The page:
• avatar

    Matt 9:05 am on July 15, 2011 Permalink  

    The U.S. Needs a Drug Policy That Works Much Better 

    Obfuscation is the name of the game for Joseph Califano and William Bennett.

    The Netherlands has about half the marijuana use we do and, with no marketing link to cocaine, about one-eighth our cocaine use, according to a World Health Organization survey. Marijuana use is up 30% here in the past 20 years, and we have over a million teenage drug sellers in our schools. Legal drugs would be more available? Impossible! A federal government-sponsored report says that “marijuana has been almost universally available to American 12th graders over the past 31 years.”

    The pending bill in Congress would simply allow states to decide about marijuana. We used to call this approach the laboratory of democracy, but this pair prefers Chicken Little rhetoric to facts.

    According to the World Health Organization World Mental Health Survey published July 2002: “Globally, drug use is not distributed evenly and is not simply related to drug policy, since countries with stringent user-level illegal drug policies did not have lower levels of use than countries with liberal ones.”

    Jerry Epstein


    Pubdate: Fri, 08 Jul 2011
    Source: Wall Street Journal (US)
    Copyright: 2011 Jerry Epstein
    Note: Second of 4 letters in response to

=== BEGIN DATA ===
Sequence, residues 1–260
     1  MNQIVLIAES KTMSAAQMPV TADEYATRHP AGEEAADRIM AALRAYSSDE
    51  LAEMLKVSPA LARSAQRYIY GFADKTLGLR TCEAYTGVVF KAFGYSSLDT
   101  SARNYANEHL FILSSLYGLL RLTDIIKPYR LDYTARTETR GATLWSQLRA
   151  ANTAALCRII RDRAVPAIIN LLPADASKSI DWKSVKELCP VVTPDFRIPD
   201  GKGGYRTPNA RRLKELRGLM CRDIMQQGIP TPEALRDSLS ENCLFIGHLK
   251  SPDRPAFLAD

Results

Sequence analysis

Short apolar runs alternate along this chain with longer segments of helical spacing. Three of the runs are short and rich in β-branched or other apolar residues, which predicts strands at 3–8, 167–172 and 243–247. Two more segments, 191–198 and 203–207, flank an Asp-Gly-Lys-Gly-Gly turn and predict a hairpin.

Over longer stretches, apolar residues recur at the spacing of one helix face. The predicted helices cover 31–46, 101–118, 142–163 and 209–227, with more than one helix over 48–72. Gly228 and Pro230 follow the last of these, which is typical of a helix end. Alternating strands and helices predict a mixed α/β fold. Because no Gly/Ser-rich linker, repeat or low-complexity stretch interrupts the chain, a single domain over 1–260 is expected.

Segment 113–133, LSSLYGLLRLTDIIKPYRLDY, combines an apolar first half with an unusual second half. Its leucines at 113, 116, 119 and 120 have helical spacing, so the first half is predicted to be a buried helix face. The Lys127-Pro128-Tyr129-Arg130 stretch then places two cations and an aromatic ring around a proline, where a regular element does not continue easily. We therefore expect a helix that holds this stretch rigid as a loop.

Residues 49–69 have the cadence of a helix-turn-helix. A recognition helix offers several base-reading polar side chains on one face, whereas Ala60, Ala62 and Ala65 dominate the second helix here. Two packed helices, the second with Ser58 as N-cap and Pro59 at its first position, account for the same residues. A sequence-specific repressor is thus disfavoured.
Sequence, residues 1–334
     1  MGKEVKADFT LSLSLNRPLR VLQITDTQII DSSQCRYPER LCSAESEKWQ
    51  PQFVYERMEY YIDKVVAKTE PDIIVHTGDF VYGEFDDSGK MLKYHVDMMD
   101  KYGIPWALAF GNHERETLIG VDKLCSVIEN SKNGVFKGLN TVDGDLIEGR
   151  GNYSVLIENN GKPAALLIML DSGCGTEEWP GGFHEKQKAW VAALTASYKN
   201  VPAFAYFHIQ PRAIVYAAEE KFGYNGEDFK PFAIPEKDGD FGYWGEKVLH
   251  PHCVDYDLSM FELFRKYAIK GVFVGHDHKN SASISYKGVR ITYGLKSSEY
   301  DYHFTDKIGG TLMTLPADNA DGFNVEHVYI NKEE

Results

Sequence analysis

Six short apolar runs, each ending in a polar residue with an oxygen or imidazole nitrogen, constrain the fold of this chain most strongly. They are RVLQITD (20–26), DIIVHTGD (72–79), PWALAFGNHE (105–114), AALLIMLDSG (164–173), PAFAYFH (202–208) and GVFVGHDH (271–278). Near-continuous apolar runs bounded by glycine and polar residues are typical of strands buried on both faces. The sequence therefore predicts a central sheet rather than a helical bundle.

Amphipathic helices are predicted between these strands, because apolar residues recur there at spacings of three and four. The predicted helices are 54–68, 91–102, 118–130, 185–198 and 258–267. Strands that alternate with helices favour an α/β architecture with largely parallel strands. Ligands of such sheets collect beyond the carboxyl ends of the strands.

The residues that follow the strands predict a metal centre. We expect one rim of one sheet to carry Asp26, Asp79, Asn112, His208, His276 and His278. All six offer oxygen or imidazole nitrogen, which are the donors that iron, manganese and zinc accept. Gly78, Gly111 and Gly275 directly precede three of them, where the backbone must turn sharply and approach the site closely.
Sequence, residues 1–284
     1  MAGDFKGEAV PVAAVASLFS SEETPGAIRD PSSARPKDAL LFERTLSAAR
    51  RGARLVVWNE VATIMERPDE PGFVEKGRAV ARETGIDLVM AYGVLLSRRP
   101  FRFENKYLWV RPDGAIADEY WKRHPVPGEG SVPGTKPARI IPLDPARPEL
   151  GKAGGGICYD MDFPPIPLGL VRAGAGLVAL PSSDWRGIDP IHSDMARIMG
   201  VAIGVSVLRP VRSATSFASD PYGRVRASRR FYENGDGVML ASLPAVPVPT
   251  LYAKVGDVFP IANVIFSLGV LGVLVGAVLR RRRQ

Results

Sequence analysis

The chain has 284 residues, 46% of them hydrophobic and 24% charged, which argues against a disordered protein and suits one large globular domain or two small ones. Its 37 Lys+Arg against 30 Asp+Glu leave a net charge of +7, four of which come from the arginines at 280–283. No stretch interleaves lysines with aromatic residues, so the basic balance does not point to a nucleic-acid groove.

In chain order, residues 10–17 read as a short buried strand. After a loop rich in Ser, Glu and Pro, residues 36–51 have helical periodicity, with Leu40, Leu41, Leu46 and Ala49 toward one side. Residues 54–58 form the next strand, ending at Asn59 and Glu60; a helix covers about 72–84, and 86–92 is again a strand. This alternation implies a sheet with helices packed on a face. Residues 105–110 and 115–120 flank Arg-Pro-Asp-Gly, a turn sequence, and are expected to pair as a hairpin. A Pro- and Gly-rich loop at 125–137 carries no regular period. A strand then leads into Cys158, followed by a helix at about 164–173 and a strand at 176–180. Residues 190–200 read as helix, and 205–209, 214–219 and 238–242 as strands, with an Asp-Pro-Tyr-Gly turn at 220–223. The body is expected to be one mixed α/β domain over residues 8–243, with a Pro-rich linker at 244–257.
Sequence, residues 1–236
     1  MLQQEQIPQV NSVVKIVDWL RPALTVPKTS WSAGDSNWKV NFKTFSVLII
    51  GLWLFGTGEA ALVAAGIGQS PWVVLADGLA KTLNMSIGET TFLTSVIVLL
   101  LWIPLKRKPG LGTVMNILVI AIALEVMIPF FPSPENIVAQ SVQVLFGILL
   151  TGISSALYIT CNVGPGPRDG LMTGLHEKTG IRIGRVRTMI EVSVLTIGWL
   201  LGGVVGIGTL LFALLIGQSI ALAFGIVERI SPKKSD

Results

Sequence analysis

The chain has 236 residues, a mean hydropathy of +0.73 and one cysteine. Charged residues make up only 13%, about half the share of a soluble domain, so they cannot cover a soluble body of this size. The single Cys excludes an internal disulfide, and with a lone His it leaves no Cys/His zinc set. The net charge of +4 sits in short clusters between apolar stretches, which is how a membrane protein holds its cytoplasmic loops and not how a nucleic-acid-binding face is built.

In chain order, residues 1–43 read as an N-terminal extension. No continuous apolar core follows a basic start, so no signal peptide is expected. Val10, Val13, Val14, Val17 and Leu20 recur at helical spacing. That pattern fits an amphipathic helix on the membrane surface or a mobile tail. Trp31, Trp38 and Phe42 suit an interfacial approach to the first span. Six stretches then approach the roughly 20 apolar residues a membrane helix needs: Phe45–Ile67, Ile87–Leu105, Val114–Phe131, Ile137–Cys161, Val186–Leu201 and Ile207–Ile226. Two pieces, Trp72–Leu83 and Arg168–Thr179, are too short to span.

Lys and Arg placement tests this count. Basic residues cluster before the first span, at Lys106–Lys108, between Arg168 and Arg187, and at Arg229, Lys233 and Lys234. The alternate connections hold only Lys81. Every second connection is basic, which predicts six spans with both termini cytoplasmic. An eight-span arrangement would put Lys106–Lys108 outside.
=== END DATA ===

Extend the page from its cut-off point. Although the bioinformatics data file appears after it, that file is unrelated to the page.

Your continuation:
• avatar

    Matt 9:46 am on July 11, 2011 Permalink  

    Should Marijuana Be Legalized And Regulated? 

    To the Editor:

    Sylvia Longmire misses the mark in focusing on how legalizing marijuana won’t put drug cartels completely out of business (“Legalization Won’t Kill the Cartels,” Op-Ed, June 19).

    Sure, some cartel members will continue selling other illicit wares once marijuana is legalized, but since they currently earn about 60 percent of their profits from illegal marijuana sales, ending the prohibition of that cash crop will seriously undercut their ability to finance continued operations.

    And removing such a significant chunk of the cartels’ funding will make it significantly easier for law enforcement to isolate and destroy them. As a former border patrol officer once charged with enforcing prohibition, I never dared dream of such success. Each arrest only created a lucrative job opening for someone else to step in and fill the insatiable demand for illegal drugs.

    We can either keep going through an endless cycle of cartel bosses brought to justice, or if we really want to reduce the violence, we can legalize marijuana — and other currently illegal drugs — thereby evaporating the profit motive that causes the carnage.


    Granbury, Tex., June 20, 2011

    Pubdate: Mon, 27 Jun 2011